I have never seen so much smoke in my entire life as I saw at the Nakumatt Downtown supermarket in Nairobi after it was engulfed in a huge fire for over 24 hours.
The choking black smoke was visible from as far as ten kilometres away from the scene of the blaze, which broke out on 28 January and had claimed the lives of 27 staff and customers and left over 30 others still unaccounted for by Sunday evening.
Hundreds of people watched helplessly as the inferno raged on, with explosions of gas cylinders and other flammable items heard from all over the city centre.
I was among the shocked city residents caught unaware by the fire as I was visiting a friend in a high-rise building near Serena Hotel, some three kilometres from the deadly scene.
On a trip to the scene 24 hours later, the incompetent Nairobi City Fire brigade team was still fighting the raging fire, assisted by colleagues from the military and from two private fire-fighting firms.
I wept with the relatives of the victims of the fire, which was blamed on a power cut which had forced the management to switch on a petrol/diesel generator at 15.00 which burst into flames.
But I wondered why the city authorities and government officials who visited the scene were only keen on the blame game while scores of people were still trapped in the burning two-storey building opposite the Sarova Stanley, a popular tourist destination.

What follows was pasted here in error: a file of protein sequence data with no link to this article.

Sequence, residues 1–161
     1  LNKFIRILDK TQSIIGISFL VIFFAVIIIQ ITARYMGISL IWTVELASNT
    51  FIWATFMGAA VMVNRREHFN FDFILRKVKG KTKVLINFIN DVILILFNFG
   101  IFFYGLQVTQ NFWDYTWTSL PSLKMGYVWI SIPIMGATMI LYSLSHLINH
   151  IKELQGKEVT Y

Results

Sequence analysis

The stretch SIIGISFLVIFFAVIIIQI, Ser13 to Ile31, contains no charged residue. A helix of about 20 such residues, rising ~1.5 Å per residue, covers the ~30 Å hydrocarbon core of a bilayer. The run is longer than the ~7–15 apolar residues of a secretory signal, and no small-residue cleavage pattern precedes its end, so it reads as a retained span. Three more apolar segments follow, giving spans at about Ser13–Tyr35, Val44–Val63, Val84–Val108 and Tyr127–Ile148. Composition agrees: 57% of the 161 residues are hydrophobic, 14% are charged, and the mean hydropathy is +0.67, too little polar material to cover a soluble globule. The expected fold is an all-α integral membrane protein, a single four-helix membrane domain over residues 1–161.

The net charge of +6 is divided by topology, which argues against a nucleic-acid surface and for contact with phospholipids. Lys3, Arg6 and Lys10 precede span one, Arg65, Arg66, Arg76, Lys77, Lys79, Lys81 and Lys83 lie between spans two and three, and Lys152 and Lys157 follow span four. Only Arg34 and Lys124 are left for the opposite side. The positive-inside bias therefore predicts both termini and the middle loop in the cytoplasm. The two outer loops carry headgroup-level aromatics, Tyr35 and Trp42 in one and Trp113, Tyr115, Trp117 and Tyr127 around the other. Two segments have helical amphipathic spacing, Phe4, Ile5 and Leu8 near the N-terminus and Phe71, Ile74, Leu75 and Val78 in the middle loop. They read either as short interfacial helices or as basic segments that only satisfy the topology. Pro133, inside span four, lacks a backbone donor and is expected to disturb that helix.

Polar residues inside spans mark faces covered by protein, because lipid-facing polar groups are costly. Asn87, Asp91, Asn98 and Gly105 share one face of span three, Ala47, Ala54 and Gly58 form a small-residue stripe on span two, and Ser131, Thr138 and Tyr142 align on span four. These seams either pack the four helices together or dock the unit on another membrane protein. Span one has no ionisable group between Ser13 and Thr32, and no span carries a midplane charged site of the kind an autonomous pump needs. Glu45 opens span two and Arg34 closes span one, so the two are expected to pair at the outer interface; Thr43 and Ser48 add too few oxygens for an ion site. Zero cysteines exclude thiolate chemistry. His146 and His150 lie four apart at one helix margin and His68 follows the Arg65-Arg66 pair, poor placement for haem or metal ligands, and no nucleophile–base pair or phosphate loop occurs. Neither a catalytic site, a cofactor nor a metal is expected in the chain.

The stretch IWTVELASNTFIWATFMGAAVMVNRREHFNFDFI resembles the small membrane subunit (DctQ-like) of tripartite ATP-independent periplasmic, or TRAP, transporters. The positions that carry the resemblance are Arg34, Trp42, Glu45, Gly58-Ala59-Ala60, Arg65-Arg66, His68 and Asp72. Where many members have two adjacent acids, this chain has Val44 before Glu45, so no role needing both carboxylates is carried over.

I had expected them to engage the services of the Kenya airforce to use foam to extinguish the flames, instead of relying only on water.
Nairobi is a disaster waiting to happen as far as fire and/or disaster preparedness is concerned.
Many retail outlets in Nairobi put the emphasis on profits and not on the safety of the staff and customers.
The city fire brigade is ill equipped, poorly funded and has staff who are demoralised to face the flames with the confidence and vigour expected of them. No wonder they are notorious for always arriving late wherever there is a fire and then running out of water within a couple of minutes, to the shock and annoyance of the public.
Most water hydrants in the city of three million residents are defective and even the mayor admitted that he does not recall when they last worked.
Safety laws are not enforced, leaving bar, restaurant and bus/matatu operators to make windfall profits at the expense of the lives of their customers. Fire extinguishers are an endangered species in the city in the sun.
Odhiambo Orlale in Nairobi.